Tuesday, January 26, 2016


2016 is certainly off to a "running" start...see what I just did there?

Having just completed four consecutive training runs without any knee pain, I was pretty stoked to take on Miami.  However, this year would be different.  This would be the first time I would be running the race “lone wolf.”  None of my friends from Ocala were participating (despite free room and board), so I would have to don the headphones and go it alone. On a positive note, the weather was going to be in the mid 40s to low 50s, which is always an unexpected pleasure in South Florida.

I decided to go to the expo on Friday, since I was already in North Miami for work.  Due to the construction on the Venetian Causeway, the expo was moved from the Miami Beach Convention Center to Mana Wynwood.  This is not the best part of town, and it rained all day.  Once I figured out where to park, I went inside and picked up my race packet.  This was a smaller venue, but they had the same amount of vendors.  The drive home was adventurous to say the least, as my fellow South Florida drivers were all in over-cautious mode.

Since my OCD in life is finding a parking spot, I always get to this race ├╝ber early.  This race starts at 6am, as opposed to the traditional 7am start.  Needless to say, I probably woke up when most night-owls are first going to bed.  It was lights out around 9pm, with an early 2am wakeup call.  I was out the door at 3am, and in my parking spot around 4am.  One of the advantages of leaving before the crack of dawn is that you get to experience I-95 in Miami with little or no traffic.  I also get to park right at the American Airlines Arena, which is where the race starts.  As I got out of my car, the guy parked next to me started up a conversation.  He actually had a longer distance to travel than I did (Wellington), and gave me a play-by-play of his hike down south.  He also told me that he has participated in over 100 half marathons (mostly out of state), but only three full marathons.  I enjoyed the early morning banter, but he was a little too intense for me.  We parted ways around 4:30am, and I made my way to my corral.  Only a spattering of runners had arrived at this point, so it was easy to walk around. It was now 46 degrees, but the wind was blowing at around 20 miles per hour.  Oh my goodness…it was cold!  I had to stand in front of the porta-potties just to block the wind.  I wore a long sleeve ColdGear shirt and a snazzy racing jacket I picked up at the expo, but I really could have used a throwaway sweatshirt.  I knew I forgot something when I left the house!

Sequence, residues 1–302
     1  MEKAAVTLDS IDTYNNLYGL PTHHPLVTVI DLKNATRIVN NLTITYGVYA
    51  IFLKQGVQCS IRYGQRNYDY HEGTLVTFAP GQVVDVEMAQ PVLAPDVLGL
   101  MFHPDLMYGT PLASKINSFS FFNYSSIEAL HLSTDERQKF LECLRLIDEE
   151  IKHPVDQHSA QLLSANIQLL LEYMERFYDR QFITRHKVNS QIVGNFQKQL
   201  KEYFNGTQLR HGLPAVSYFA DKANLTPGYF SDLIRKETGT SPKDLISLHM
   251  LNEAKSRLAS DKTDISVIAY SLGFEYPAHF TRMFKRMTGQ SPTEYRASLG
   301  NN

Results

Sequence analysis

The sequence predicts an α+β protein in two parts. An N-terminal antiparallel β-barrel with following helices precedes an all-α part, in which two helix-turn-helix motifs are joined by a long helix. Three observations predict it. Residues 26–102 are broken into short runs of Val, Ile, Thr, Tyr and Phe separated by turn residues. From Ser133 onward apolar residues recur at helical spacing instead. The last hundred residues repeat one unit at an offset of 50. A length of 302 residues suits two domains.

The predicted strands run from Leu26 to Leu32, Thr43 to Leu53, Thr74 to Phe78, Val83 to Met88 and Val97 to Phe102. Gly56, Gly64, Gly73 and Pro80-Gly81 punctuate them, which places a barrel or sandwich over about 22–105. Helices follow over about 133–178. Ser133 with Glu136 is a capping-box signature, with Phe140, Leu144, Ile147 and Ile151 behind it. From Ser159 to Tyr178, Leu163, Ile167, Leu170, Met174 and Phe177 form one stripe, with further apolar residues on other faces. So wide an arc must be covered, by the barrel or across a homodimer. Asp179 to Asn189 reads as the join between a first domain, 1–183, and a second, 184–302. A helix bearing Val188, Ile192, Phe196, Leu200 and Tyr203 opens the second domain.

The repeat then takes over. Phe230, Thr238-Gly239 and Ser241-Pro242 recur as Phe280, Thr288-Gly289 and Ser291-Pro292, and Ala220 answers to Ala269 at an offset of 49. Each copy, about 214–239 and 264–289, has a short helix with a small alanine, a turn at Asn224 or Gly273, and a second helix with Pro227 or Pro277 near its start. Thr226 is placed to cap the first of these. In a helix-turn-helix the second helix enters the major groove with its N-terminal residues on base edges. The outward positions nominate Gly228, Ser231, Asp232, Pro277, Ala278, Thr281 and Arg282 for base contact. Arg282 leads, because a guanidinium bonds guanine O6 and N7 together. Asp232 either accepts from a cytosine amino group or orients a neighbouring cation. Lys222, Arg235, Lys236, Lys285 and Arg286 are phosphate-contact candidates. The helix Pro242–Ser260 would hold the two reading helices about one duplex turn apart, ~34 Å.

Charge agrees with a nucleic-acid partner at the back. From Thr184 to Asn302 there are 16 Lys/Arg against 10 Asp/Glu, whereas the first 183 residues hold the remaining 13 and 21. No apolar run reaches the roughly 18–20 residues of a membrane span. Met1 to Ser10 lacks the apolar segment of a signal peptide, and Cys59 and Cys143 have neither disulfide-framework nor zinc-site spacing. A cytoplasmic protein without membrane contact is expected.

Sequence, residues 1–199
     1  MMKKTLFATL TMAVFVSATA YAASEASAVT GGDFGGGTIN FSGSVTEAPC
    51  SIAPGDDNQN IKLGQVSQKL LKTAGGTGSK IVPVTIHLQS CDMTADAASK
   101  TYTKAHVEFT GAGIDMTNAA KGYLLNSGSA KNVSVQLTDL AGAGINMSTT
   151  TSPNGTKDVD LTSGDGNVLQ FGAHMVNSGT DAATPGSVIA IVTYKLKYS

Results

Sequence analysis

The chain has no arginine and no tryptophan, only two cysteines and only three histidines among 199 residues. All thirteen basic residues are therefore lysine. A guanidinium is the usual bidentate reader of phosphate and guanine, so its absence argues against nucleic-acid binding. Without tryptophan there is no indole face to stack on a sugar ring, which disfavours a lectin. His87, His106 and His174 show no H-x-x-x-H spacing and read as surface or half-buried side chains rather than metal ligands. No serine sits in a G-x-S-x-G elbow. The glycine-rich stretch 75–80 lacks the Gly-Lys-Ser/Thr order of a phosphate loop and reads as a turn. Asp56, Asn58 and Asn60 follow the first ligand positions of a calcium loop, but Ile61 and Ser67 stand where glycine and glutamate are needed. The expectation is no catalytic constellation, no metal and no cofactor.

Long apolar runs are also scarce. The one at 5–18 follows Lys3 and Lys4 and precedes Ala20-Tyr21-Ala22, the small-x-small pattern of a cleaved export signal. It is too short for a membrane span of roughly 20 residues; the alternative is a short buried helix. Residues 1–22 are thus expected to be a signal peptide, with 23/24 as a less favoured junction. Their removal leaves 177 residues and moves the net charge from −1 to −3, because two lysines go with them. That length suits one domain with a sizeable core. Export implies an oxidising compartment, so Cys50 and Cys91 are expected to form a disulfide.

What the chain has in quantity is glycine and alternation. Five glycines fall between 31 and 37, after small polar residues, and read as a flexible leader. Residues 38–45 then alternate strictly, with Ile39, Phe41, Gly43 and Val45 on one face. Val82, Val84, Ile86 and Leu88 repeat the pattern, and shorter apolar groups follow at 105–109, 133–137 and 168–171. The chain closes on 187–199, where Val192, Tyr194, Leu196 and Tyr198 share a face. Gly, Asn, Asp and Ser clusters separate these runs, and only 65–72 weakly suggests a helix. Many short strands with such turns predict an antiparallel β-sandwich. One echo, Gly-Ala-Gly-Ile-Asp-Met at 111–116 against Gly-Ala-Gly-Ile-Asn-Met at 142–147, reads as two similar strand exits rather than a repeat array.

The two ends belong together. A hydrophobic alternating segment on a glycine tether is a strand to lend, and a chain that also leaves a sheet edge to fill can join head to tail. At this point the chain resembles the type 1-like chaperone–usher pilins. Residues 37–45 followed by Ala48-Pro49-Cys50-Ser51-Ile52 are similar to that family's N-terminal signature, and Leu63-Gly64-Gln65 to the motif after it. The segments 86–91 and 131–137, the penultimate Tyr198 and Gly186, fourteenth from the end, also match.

As race time approached, I just wanted to start moving already.  I could tell the 17,529 participants (14,484 for the half and 3,045 for the full) echoed the same sentiments.  Once the gun sounded, it took about 17 minutes for me to officially start the race.  At that point, the wind was a total nonfactor, and I was very comfy.  About one mile into the run, I stopped to take a photo of one of the cruise lines.  This reminded me just how much I love this race, and that the early wakeup time and the drive were totally worth it.

As the sun came up, there was not a cloud in the sky...absolutely perfect running conditions.  The course was modified this year to accommodate the construction on the Venetian Causeway.  We still got to run through South Beach, but we did have to run out and back on the MacArthur Causeway.

I had to suffer looking at all the sailboats on the way back, but I was a real trooper.

Being Jewish, I could not help but notice just how many Orthodox Jews participate in this race every year.  They seemed to be broken up into two teams, decked out with their  Yamakas and Tzitzit.

The knee felt good, and to tell you the truth, I did not psych myself out over the potential pain.  At mile marker ten, I remember thinking that I was sorry the race would soon be over.  Crossing the finish line reminded me just how much I love running.  If that weren't enough, I only had to stop and pee two times!  Winning!

As I drove home, I called my friends Lenny, Mary and Robyne.  The excitement in my voice probably sounded as if I completed my first race.